And it's frustrating: Most who set out from the Jungle every evening trudge back in the morning, thwarted. Adam Sharawi, a refugee from Sudan, spent nine months traveling by car across Africa, by ship to Italy and by train to France. He wants to settle in England. "The UK has all my friends," he tells me after making the five-mile trek back to the Jungle from yet another futile effort to hop a truck.
It's also getting harder, with authorities erecting miles of high steel fencing to keep refugees off likely spots on the highway. Double rows topped with razor wire are patrolled night and day. It's a low-tech but formidable barrier.
Over time, the Jungle wears refugees down. After seven months working to get to the UK, 16-year-old Kamil Shamal from Afghanistan decided to seek asylum in France, even though he's concerned some French didn't welcome him to the country.
France received 74,200 new asylum applications last year, up from 59,000 in 2014, according to theUnited Nations.
Helping with the crossing
There aren't any apps for smuggling refugees onto trucks, but tech has helped keep some of them safe on their journeys to Europe.
Mohammad Ghannam, another spokesman for Doctors Without Borders, works with volunteers through a Facebook group to track people crossing the Mediterranean. The boat journeys are treacherous. At least 880 died in the first five months of 2016.
Refugees use phone apps to determine their coordinates, then send longitude and latitude data to the group through WhatsApp every 15 minutes during their voyage. If the messages stop, a volunteer calls coast guard authorities nearest to the passengers' last known location.
Ghannam has tracked 20 crossings, including his brother-in-law's successful journey from Turkey to Greece.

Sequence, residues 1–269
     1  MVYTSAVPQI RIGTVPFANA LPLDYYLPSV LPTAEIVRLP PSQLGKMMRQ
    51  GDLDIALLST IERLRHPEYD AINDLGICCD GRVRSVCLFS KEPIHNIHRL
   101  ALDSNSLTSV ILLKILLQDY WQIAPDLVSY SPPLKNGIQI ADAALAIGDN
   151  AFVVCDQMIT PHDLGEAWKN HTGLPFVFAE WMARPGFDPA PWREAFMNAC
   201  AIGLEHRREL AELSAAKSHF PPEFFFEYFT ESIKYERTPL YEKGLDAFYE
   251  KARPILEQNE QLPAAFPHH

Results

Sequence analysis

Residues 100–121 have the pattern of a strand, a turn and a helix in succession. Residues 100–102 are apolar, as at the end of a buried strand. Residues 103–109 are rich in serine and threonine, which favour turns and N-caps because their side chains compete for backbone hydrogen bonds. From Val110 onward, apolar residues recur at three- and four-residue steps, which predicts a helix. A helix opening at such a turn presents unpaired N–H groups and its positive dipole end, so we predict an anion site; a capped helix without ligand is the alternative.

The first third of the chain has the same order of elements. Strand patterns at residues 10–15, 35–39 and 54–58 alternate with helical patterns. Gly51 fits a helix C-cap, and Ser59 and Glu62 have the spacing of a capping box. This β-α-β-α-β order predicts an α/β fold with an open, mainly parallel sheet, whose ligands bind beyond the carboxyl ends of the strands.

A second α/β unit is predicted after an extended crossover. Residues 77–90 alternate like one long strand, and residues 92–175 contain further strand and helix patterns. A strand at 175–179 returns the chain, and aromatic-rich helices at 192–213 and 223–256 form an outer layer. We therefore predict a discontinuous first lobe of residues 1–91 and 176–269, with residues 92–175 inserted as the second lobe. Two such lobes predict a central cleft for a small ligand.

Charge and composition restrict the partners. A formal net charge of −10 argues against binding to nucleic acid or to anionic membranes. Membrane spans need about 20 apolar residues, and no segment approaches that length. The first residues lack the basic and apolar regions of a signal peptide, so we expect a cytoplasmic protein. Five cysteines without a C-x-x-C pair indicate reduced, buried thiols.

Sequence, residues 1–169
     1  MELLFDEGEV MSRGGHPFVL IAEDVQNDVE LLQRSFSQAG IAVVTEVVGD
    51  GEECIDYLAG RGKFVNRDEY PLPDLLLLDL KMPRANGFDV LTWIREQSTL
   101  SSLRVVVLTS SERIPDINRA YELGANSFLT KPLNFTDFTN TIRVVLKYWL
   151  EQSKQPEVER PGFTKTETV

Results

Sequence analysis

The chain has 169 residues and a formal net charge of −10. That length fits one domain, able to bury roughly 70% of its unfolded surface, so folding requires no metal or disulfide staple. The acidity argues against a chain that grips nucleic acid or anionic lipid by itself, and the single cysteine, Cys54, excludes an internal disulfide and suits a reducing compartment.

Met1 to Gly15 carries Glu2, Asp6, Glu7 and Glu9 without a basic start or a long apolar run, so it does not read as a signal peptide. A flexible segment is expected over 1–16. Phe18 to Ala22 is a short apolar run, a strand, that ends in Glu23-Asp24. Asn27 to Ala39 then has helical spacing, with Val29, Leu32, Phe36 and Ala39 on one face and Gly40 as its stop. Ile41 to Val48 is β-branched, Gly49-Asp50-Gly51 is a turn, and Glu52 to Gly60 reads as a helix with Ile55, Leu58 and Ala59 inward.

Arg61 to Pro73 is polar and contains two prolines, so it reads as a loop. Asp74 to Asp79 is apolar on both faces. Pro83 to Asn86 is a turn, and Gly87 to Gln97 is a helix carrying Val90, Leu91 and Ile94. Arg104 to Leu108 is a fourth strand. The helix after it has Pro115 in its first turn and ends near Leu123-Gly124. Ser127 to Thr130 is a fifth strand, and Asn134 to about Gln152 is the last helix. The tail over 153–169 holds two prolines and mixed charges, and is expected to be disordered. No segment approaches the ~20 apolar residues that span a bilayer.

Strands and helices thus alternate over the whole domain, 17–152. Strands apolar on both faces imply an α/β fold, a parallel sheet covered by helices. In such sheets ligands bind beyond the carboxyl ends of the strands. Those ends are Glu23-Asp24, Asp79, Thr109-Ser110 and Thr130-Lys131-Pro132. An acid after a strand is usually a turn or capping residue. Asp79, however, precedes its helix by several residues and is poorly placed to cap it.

Translation and language apps help, too.
Language barriers are common given that migrants and refugees in the Jungle come from so many different places. I don't know any Farsi, but with a dictionary app on a modest Samsung phone, I learned that one refugee is a welder who wants his children to grow up in Canada, where they can become doctors.
Refugees with phones often use service from Three, a UK carrier. Abdullah Khan, 24, an Afghan in the Jungle, resells SIM cards and account refills purchased in the UK. For about 24 euros, he'll sell you a refill that includes 12GB of data, 300 minutes of talk time and 3,000 text messages. That comes in handy when the Refugee Info Bus is out of range or when refugees are out of the camp, trying to jump onto a truck. "It has good roaming benefits," Khan says of Three, so it's economical in France even though it's a UK carrier.
For many refugees, 24 euros is a small fortune. A full meal with a drink and salad at one of the Jungle's unofficial canteens costs about 3 euros. But many make do with free food from aid agencies because they can't even afford that.
Another popular carrier is Lycamobile. Its chief selling point: members can call each other free.
Of course, a phone isn't any good if it can't be charged. There's no electricity in the Jungle. So Khan helps with that as well; he has a precious power generator and will let you juice up your devices -- for friends or customers buying something else at the store.